Local Nonprofit Advocates for Reauthorization of Violence Against Women Act
The director of Carroll County's Rape Crisis Intervention Services says that it's important that the federal government reauthorize the Violence Against Women Act.
By MARK MILLER
Capital News Service
Lt. Gov. Anthony Brown championed Maryland's efforts to crack down on domestic violence and offer support to abuse victims at a panel hosted by Vice President Joe Biden in Washington, D.C., Wednesday.
"There are a lot of things we're doing in Maryland to fight domestic violence, and a lot of that is dependent on the Violence Against Women Act," said Brown, whose cousin Cathy was killed by an estranged boyfriend in 2008.
Without the VAWA, Brown said, there would be no funding for programs such as the hospital-based domestic violence programs, currently operated by six medical facilities throughout Maryland, that screen patients and train staff to recognize the signs of domestic abuse and provide specialized treatment. The state also provides electronic notifications of protective orders with federal grant money associated with the act.
Rape Crisis Intervention Services of Carroll County (RCISCC) Executive Director Janice Kispert said it is important that the act is reauthorized.
"VAWA’s programs support state and local efforts to address the pervasive and insidious crimes of domestic violence, dating violence, sexual assault and stalking," Kispert said. "These programs have made great progress towards keeping victims safe and holding perpetrators accountable. This critical legislation must be reauthorized to ensure the continued response to these crimes."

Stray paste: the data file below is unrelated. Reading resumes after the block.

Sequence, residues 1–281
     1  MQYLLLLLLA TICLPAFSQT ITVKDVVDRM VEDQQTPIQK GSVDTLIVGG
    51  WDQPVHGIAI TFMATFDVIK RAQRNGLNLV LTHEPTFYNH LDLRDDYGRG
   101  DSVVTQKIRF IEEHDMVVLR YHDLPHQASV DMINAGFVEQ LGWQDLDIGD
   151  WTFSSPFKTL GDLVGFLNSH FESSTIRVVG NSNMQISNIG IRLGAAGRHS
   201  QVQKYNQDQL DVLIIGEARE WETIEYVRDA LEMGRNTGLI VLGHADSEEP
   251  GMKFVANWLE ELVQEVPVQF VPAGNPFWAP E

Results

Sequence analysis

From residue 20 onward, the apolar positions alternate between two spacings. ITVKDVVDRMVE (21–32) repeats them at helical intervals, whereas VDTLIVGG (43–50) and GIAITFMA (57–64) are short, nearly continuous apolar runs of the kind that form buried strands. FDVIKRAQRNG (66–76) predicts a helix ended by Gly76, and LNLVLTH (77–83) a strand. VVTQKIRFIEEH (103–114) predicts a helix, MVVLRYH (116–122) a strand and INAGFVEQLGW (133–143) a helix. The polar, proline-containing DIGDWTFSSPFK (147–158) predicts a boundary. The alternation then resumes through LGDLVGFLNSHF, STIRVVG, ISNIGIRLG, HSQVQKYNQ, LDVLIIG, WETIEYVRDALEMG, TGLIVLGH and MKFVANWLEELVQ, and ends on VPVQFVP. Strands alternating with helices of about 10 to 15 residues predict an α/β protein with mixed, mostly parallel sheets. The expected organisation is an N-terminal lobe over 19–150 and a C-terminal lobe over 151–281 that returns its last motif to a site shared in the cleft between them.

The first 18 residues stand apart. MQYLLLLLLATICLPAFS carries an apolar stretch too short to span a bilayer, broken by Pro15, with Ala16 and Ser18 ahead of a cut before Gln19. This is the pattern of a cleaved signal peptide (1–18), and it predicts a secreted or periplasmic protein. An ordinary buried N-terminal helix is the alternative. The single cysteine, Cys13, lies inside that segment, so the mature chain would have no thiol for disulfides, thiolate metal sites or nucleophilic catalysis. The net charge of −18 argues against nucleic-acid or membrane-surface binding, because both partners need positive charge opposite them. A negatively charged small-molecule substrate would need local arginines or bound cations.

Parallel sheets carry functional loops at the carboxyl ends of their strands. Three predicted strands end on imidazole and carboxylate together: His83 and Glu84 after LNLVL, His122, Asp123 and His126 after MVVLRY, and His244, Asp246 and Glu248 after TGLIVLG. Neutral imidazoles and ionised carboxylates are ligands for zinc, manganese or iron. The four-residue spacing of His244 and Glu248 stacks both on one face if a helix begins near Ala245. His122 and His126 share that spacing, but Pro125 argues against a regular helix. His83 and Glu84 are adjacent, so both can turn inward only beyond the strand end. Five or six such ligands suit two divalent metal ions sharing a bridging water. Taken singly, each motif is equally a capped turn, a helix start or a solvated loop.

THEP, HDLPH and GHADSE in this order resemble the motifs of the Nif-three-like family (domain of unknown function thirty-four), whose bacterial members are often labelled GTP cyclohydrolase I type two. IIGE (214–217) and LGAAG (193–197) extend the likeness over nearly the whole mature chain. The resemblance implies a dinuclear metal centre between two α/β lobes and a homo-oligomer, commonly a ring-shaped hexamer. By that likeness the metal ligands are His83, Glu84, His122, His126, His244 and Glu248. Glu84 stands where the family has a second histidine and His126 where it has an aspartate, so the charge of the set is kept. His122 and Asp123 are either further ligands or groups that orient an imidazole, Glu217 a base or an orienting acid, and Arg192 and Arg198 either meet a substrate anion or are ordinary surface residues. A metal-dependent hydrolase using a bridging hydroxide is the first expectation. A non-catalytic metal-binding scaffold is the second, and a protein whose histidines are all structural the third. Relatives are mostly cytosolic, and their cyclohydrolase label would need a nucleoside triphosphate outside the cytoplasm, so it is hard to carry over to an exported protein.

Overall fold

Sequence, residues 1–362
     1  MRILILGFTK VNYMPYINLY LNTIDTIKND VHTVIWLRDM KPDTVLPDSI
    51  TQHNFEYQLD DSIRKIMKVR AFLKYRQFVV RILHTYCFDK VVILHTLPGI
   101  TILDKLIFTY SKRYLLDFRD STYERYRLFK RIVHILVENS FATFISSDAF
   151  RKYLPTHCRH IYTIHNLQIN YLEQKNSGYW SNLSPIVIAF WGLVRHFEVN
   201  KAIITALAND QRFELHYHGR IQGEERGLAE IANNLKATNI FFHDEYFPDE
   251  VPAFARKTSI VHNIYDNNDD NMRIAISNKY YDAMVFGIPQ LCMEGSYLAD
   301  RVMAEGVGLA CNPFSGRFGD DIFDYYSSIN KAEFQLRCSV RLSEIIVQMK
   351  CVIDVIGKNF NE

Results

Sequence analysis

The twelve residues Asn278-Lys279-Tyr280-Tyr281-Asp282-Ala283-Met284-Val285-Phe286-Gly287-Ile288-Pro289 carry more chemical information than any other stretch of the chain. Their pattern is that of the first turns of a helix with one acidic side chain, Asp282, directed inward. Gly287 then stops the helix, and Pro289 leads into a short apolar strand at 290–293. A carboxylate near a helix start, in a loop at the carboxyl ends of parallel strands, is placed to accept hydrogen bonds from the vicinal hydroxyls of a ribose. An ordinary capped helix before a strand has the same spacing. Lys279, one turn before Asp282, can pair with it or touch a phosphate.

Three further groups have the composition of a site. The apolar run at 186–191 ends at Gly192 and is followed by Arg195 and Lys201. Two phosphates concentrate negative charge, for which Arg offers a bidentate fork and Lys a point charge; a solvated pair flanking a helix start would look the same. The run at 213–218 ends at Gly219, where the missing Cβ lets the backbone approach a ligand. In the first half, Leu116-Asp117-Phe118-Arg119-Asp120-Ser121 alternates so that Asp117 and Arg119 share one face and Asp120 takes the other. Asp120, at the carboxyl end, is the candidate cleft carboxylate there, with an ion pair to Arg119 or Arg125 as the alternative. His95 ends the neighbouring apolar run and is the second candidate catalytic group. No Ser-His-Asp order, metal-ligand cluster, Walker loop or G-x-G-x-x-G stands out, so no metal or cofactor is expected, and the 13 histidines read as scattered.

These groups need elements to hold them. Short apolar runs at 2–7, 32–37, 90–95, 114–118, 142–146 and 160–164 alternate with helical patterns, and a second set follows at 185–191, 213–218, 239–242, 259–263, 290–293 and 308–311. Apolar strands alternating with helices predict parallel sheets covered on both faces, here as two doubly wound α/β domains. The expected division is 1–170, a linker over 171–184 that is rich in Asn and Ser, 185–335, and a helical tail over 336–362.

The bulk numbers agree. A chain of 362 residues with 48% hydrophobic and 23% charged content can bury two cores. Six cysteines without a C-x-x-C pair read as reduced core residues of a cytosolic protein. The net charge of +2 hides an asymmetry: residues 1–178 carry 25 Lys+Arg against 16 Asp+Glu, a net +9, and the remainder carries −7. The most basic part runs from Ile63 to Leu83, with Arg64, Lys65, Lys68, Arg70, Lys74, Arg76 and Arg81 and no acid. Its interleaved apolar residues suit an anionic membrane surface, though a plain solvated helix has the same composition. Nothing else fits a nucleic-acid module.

The White House panel, as well as a news conference among Senate women on Capitol Hill, was part of a push Wednesday designed to pressure reluctant members of Congress to reauthorize VAWA, which was first approved in 1994.
Thomas, who headed Montgomery County's domestic violence unit from 1997 until his retirement from the force in 2000, said he was spurred to combat domestic abuse after witnessing a man shoot and kill his wife.
"It was clear that something needed to be done," Thomas said.
Thomas described a "sea change" in attitudes toward domestic violence and the ability of law enforcement officers to respond since VAWA's passage. From an average of 69 domestic homicides per year before the law took effect, the number of such killings in Maryland dropped to 27 last year, he said.
VAWA provides resources for coordinated community approaches to dealing with violence against women, Kispert said. It helps to improve collaboration between law enforcement and victim services providers to help better meet the needs of victims.
"These comprehensive and cost-effective programs save money and most importantly, save lives," Kispert said. "In fact, VAWA saved nearly $12.6 billion in net averted social costs in its first six years."
Brown called on Congress to reauthorize the act, warning that failure to do so could compromise the state government's efforts.
"I urge Congress to reauthorize VAWA so that we may continue life-saving efforts throughout Maryland and take another step towards eliminating this senseless crime," Brown said.
Then-Sen. Biden, D-Del., was the lead VAWA sponsor in the Senate in 1994. Congress has since reauthorized the act twice, in 2000 and 2005.
Congressional Republicans have balked at additional measures Democrats say are necessary to expand the protections granted by the law. Some Republicans in the Senate, where the bill to reauthorize VAWA has eight Republican cosponsors, have accused Democrats of attaching provisions opposed by many conservatives in a deliberate effort to stall the bill for political gain.
According to Kispert, RCIS is not currently receiving VAWA funding. They did receive VAWA funding last year to support a part-time outreach coordinator but due to limited funding availability, Kispert said the grant application was not renewed this year, resulting in the elimination of the position.
Westminster Patch local editor Kym Byrnes contributed to this story.